with rigid, no-exceptions routes for the receivers, and you end up with a duplicate of what QB#1 Rob Bolden saw in the shots below.
(overload the right, 7 defenders on the ball, zone blitz)
(we slide our pass pro left, because that's what was called in the huddle)
(no receiver is "hot", Bolden gets lit by a free-running defender. And...punt).
Looks, feels, and smells familiar, doesn't it? In other words, embrace the pain. Schematically speaking, it's here to stay, until further notice. Finkel is Einhorn. Einhorn is Finkel.
Blog reader William DiFilippo wrote in this week with a question. "Could we get a film room on what other things Penn State could have done based on 1) how the OL struggled and 2) what temple was giving them?" Certainly, William. Film Room always accommodates questions, especially when very deep, very dark depression grips our soul with its cold, boney hands and refuses to let go.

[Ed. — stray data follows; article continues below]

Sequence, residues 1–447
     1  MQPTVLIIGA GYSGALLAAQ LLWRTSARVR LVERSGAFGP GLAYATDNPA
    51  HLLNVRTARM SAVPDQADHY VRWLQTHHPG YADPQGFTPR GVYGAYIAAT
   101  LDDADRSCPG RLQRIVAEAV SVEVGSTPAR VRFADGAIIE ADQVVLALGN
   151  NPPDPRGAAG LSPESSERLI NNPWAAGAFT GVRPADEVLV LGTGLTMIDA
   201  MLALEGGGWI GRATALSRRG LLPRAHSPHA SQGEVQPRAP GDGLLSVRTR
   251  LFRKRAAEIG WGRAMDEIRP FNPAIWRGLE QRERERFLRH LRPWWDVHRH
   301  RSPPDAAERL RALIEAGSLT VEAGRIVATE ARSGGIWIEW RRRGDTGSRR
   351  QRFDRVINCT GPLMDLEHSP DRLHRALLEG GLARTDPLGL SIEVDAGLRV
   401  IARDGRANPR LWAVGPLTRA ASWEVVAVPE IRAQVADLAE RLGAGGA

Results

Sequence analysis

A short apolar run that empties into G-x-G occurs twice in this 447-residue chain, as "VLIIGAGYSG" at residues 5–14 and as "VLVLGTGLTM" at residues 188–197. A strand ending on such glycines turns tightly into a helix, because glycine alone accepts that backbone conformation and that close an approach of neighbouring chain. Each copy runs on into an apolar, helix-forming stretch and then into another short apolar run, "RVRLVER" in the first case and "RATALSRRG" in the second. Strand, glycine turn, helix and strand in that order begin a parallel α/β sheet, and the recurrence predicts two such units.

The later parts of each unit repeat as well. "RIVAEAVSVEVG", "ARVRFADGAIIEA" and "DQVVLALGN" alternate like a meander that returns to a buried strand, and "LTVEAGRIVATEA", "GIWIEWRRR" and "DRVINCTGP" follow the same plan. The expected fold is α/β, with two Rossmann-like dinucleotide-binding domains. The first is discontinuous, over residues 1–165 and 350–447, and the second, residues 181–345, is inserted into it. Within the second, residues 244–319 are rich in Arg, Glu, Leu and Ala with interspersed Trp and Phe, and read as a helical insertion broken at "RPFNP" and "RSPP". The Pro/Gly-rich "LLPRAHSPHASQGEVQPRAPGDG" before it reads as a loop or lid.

One strategy for attacking a "multiply aggressive" defense is to run hurry up. That is, if you don't huddle your offense, and you get to the line quickly, and snap the ball again, you afford the defense very little time to call new blitzes, and no time to disguise them pre-snap. [No, I don't know why we abandoned the "hurry" aspect of hurry-up after the first two drives, but it could have something to do with Donovan's play calls being 12 words long, while Gus Malzahn uses a number.]
Another strategy is to spread the field with 4- and 5-wide receivers. On Saturday, Penn State frequently used two tight ends, and aligned them "in the box". Of course, the more offensive players you put between the tackles, the more defensive players you'll see between the tackles. With more defenders in the box, it becomes easier for the defense to to overload a side, disguise a blitz, and/or rush an LB but drop a DE into the flat, from whence the DE shall pick off a pass and return it to your 1-yard line. Conversely, if your offensive threats are spread out, horizontally across the field, you're mandating that the defense do the same. Fewer defenders in the box equals less options for the defense via the blitz, and that makes pass protection more predictable. Predictable is good.